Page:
Category Archives: Uncategorized

Bernard Williams: Ethics from a human point of view.

Prof Paul Russell, professor of Philosophy at Lund University and the University of British Columbia.

 

Thinking Stoically about Emotions.

Dr John Sellars, Lecturer in Philosophy at Royal Holloway.

Surely, when we think of Emotions, we imagine the most intensive ones. And rightly so, Seneca claimed that emotions were “temporary madness”. Surely, when we think “stoic”, we imagine someone unfeeling, perhaps even unwell. This is how Dr Sellars started his presentation, not necessary wanting to provoke any reactions but wanting to share his learning from Stoics. In particular, the fact that emotions are a product of judgement. What he explained to us is that “pathe”is more accurate word for affection and passion, therefore not naturally controlled “emotions”. Dr Sellars suggested stoical solutions to how to manage our emotions. The audience was captivated and this was expressed in variety of questions: is there an end product for stoicism such it is eg. in buddhism? How long does it take to train yourself to be “virtuous” person? Can becoming rational reduce empathy? One might ask if we get our answers. To some extend whatever, one has taken from this lecture, it might bring some element of satisfaction, change of intentions or simply broaden our minds. It was an excellent lecture!

Dr. Katya Rogatchevskaia: Propaganda and life in Russia.

Dr. Katya Rogatchevskaia from the British Library made a fantastic presentation on the dangers and intentions of the propaganda in general and using specific examples from Russia, ranging from the first time used it by the last Romanovs in 1900s to the current leaders of the Russian Federation. Various issues were raised by her critical approach, which was illustrating potential power of propaganda used by any regime or system to pass a message to targeted and receptive audience. She focused on Noam Chomsky’s “The 5 Filters of the Mass Media Machine” to explore factors behind the Propaganda; its authority, message (which is difficult to disagree with), and intentions, particularly with the usage of selected aesthetics.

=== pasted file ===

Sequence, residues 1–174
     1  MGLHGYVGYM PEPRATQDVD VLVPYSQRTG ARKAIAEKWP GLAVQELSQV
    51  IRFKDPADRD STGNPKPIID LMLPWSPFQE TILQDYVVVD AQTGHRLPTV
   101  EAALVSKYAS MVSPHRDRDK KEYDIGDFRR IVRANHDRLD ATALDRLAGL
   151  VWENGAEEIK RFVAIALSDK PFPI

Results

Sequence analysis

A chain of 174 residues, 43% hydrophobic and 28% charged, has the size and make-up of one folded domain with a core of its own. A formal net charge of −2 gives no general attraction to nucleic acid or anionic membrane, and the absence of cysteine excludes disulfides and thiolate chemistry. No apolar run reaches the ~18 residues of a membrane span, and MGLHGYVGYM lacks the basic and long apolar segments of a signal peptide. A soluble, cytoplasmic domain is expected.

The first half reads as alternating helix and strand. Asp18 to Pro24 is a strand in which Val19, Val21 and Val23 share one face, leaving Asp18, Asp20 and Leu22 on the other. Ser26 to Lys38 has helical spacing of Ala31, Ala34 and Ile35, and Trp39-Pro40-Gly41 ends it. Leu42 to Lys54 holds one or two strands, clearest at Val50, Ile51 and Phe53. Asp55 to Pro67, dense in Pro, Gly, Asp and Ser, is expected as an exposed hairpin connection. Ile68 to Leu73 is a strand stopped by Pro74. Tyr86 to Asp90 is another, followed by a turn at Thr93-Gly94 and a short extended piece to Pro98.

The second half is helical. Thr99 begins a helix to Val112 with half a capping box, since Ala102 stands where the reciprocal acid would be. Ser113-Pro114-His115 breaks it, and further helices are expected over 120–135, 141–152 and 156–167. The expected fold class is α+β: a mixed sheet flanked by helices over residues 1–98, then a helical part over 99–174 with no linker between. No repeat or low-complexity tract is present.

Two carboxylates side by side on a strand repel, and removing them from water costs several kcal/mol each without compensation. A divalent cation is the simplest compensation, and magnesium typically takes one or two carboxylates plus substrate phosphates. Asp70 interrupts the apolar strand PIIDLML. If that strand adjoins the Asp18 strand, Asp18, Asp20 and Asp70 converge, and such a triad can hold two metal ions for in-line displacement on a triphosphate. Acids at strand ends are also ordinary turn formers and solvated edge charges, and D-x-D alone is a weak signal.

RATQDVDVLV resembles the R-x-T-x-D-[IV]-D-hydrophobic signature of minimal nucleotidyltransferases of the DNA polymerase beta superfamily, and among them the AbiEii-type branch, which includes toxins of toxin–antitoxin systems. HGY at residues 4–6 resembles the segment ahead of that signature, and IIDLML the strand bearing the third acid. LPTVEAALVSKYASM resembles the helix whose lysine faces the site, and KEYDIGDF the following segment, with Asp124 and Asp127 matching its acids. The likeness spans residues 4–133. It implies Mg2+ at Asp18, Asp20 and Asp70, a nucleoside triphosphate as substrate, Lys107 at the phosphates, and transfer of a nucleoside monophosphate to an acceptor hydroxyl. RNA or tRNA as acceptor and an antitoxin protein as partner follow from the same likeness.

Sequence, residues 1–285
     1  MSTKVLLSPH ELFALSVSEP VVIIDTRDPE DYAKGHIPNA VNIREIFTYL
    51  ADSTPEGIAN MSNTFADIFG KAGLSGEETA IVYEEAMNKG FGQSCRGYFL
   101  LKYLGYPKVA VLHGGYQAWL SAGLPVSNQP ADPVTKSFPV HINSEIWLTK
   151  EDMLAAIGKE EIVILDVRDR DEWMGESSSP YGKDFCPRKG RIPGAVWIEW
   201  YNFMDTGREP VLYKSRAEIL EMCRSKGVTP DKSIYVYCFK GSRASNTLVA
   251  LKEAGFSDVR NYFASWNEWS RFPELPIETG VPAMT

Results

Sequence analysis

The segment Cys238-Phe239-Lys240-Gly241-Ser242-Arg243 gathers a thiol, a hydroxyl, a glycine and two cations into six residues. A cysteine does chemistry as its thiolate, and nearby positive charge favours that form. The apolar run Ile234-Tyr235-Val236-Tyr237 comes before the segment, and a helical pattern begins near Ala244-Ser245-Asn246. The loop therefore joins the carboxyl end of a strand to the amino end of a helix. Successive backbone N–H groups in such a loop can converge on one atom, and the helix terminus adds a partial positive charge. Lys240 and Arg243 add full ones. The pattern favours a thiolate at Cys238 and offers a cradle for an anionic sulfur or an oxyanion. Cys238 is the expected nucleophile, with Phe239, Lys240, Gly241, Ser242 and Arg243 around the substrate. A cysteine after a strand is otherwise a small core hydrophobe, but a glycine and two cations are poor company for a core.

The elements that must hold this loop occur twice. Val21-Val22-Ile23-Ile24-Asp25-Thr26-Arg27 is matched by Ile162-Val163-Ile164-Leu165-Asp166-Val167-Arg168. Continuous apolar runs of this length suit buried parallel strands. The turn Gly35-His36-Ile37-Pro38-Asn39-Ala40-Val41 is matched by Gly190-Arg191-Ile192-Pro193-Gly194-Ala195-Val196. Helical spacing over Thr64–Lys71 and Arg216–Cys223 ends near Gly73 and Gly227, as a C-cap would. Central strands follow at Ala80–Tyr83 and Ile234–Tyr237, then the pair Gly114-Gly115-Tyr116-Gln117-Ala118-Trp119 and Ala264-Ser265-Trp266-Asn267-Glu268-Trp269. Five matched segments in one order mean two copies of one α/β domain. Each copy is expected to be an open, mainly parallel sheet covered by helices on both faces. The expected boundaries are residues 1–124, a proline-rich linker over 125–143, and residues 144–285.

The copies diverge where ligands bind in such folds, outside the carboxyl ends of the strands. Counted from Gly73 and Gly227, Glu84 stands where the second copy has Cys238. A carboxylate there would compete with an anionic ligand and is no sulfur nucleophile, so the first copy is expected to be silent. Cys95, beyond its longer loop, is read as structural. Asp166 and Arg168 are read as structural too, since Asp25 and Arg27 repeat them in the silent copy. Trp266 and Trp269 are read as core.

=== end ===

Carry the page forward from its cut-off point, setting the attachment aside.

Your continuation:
Can something stop being a propaganda? What influences these changes in “unloading” the objects, buildings, piece of art from the intention to indoctrinate? How much do we need to know to understand the context of the time to read the message and to be bothered by it?

We are very grateful to Katya for the thought-provoking lecture, where we need to reassess our own critical and therefore independent thinking, which we apply or not to assess the credibility and intent of the messages and news selected and presented  in current media.

Teresa Kwiecinska

Dr Clarinda Calma, Poland Yesterday and Today: The Heritage of the Polish-Lithuanian Commonwealth and its implications today’

It is difficult in the space of 1 hour to present hugely rich and complicated history of a country currently standing nearly 40 mln citizens. Dr Calma, from Polish Embassy has used several interesting maps to effectively show the ever-changing borders of Poland. Today almost mono-ethnic and predominantly Catholic, Poland was once a multi-cultural polity, inhabited by Poles, Ukrainians, Belarusians, Lithuanians, Jews, Tatars, Armenians and Germans. The Polish-Lithuanian Commonwealth, as it was called from the 16th to the late 18th century, was one of the earliest confederate countries in early modern Europe. As Dr Calma pointed out, for a long time, it also boasted a tolerant policy towards different ethnicities and faiths. It was fascinating for students to see many cultural and political links between Poland and Britain. Dr Calma talked with passion. Her presentation was followed by long discussion with some of our international boarders.